Teacher's perceptions of implementing evidence based interventions for preschoolers with autism spectrum disorder

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dc.contributor.advisor Pufpaff, Lisa A.
dc.contributor.author Ain, Ganiah
dc.date.accessioned 2021-02-22T18:33:16Z
dc.date.available 2021-02-22T18:33:16Z
dc.date.issued 2020-12-19
dc.identifier.uri http://cardinalscholar.bsu.edu/handle/123456789/202639
dc.description Access to thesis restricted until 12/2023 en_US
dc.description.abstract Autism spectrum disorder (ASD) is a developmental disability that leads to critical behavioral, communication, and social difficulties. U.S. legislation requires educators to implement evidence based interventions (EBIs) when teaching children with disabilities. Certain EBIs have been identified as the most effective early intervention techniques to use when teaching social communication skills to preschool children with disabilities. In this study, the social communication skill set needed by preschool children with ASD is reviewed, along with a description of the key EBIs used to teach social communication skills to preschoolers with ASD. The purpose of this study was to identify the extent to which the teachers of preschool children with ASD were trained to implement current EBIs for supporting the development of social communication skills in this population. The study also examined the extent to which these teachers were implementing these EBIs, their perceptions of their competence in implementing such interventions, and the barriers they encountered along the way. en_US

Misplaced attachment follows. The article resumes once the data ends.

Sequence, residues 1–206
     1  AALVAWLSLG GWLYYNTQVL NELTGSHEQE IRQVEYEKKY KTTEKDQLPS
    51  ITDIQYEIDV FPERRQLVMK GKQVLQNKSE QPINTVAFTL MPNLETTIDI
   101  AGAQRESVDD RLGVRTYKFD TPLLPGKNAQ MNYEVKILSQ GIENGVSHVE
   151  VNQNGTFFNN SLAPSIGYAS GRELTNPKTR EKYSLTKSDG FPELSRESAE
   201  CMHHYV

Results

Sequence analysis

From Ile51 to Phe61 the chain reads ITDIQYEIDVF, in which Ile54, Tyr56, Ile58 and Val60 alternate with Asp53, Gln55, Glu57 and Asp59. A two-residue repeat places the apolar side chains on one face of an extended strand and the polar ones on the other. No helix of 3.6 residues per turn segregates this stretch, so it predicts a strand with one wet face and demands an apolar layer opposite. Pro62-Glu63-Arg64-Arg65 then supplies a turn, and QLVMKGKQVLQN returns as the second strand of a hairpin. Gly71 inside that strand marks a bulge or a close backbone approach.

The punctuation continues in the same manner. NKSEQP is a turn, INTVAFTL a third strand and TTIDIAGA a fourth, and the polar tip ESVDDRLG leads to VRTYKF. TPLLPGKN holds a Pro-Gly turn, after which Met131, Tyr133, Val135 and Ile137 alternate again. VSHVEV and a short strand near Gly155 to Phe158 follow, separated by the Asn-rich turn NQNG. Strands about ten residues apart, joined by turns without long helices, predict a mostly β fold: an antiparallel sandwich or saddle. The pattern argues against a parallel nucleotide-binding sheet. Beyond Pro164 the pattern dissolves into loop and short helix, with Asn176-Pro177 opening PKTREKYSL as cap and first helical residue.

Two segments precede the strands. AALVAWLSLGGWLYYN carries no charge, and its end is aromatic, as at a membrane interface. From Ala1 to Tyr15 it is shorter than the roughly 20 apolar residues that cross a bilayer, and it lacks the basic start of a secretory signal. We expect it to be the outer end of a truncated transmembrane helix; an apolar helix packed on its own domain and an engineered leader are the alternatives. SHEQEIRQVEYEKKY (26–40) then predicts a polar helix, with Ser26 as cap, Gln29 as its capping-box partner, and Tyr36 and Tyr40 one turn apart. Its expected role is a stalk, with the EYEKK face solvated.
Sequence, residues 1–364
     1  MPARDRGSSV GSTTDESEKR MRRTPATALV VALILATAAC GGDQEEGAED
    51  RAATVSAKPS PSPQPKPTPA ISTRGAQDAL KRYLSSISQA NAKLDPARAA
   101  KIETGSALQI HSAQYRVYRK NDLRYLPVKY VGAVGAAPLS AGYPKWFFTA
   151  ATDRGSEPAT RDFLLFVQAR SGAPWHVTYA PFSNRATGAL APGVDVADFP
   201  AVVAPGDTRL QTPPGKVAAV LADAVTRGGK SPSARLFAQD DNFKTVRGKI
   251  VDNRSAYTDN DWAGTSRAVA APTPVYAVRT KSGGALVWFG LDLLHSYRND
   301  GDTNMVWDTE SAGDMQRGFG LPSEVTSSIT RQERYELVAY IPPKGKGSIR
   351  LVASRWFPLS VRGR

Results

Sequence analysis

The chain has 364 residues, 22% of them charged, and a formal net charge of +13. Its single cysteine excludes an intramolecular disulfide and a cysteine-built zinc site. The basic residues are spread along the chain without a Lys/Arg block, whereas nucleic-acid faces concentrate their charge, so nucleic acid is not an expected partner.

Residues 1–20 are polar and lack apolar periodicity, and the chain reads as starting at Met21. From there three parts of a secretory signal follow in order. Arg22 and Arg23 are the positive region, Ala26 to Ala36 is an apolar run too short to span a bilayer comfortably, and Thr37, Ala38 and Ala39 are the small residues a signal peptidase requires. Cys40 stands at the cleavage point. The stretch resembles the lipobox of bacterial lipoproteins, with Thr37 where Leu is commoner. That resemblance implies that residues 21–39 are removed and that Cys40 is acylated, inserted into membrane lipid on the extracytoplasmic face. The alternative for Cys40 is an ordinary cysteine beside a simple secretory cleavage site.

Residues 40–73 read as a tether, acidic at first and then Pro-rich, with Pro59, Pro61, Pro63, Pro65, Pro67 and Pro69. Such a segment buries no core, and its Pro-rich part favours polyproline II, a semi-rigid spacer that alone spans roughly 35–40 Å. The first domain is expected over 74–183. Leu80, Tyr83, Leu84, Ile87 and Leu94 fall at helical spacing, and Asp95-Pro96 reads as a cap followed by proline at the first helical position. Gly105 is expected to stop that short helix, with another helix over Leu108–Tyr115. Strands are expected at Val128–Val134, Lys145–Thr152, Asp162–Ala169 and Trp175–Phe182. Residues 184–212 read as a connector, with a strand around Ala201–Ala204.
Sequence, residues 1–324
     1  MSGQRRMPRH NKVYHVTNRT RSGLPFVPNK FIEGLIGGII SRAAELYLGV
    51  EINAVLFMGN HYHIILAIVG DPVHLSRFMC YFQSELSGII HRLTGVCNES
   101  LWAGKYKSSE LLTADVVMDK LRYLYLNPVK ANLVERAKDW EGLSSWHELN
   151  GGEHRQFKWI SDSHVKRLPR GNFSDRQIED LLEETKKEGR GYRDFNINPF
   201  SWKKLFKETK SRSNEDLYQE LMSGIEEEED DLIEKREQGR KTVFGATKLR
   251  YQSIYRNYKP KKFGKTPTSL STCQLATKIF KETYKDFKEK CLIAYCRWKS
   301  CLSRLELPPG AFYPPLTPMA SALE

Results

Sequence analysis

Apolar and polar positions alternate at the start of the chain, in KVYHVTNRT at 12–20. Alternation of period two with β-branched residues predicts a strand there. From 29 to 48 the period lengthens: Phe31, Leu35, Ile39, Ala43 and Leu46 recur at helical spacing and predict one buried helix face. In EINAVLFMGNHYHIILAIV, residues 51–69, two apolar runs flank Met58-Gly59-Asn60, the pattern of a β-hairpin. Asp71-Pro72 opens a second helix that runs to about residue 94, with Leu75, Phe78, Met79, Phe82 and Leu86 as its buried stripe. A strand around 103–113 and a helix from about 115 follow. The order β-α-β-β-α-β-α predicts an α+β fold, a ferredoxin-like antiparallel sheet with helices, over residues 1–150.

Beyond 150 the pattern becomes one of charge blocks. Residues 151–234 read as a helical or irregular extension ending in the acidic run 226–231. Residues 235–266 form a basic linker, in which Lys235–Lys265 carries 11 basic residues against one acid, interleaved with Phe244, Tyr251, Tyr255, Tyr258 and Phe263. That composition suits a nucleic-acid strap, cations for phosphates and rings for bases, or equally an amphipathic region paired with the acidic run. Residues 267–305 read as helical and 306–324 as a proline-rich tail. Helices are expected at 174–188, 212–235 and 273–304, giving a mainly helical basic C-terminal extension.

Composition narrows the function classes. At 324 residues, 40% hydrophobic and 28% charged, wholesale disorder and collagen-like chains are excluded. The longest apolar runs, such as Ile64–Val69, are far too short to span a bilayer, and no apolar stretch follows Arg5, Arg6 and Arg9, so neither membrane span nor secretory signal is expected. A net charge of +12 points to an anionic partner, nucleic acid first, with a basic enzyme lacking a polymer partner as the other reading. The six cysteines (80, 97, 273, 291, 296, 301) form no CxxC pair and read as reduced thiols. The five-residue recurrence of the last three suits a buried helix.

dc.description.sponsorship Department of Special Education
dc.subject.lcsh Social skills in children
dc.subject.lcsh Children with autism spectrum disorders -- Education (Preschool)
dc.subject.lcsh Preschool teachers -- Attitudes
dc.title Teacher's perceptions of implementing evidence based interventions for preschoolers with autism spectrum disorder en_US
dc.description.degree Thesis (D. Ed.) en_US

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  • Doctoral Dissertations [3300]
    Doctoral dissertations submitted to the Graduate School by Ball State University doctoral candidates in partial fulfillment of degree requirements.

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